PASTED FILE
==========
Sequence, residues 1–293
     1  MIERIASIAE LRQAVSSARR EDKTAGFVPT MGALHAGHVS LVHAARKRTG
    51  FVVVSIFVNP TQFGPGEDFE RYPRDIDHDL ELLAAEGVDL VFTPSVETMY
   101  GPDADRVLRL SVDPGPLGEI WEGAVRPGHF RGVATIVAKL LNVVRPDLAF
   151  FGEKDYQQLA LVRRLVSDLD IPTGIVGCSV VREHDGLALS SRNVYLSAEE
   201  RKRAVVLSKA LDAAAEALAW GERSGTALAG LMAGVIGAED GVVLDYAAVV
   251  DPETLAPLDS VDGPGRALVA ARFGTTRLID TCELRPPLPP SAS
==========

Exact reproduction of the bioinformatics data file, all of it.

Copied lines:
Sequence, residues 1–293
     1  MIERIASIAE LRQAVSSARR EDKTAGFVPT MGALHAGHVS LVHAARKRTG
    51  FVVVSIFVNP TQFGPGEDFE RYPRDIDHDL ELLAAEGVDL VFTPSVETMY
   101  GPDADRVLRL SVDPGPLGEI WEGAVRPGHF RGVATIVAKL LNVVRPDLAF
   151  FGEKDYQQLA LVRRLVSDLD IPTGIVGCSV VREHDGLALS SRNVYLSAEE
   201  RKRAVVLSKA LDAAAEALAW GERSGTALAG LMAGVIGAED GVVLDYAAVV
   251  DPETLAPLDS VDGPGRALVA ARFGTTRLID TCELRPPLPP SAS